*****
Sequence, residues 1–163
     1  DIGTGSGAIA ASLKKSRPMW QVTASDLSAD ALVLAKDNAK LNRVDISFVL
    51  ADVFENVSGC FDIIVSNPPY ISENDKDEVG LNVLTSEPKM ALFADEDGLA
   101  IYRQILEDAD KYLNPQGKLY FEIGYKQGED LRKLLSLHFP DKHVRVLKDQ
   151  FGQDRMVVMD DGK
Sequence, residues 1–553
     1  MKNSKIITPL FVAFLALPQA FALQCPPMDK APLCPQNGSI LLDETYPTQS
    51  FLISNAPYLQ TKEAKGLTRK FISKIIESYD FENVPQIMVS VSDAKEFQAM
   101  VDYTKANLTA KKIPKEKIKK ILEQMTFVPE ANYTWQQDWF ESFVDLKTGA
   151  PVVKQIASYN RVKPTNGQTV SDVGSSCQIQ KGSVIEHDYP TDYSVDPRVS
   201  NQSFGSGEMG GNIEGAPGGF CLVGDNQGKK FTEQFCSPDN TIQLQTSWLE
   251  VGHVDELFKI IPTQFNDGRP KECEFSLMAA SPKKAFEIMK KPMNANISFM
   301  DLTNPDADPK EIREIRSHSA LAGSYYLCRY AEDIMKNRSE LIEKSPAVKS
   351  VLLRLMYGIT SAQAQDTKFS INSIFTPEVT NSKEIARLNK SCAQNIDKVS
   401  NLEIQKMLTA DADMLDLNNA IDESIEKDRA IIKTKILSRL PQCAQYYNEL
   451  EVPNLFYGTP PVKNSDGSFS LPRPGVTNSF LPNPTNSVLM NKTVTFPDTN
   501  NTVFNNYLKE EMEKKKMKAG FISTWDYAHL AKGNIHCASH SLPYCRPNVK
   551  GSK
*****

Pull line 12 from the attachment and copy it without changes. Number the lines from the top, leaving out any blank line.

   251  VGHVDELFKI IPTQFNDGRP KECEFSLMAA SPKKAFEIMK KPMNANISFM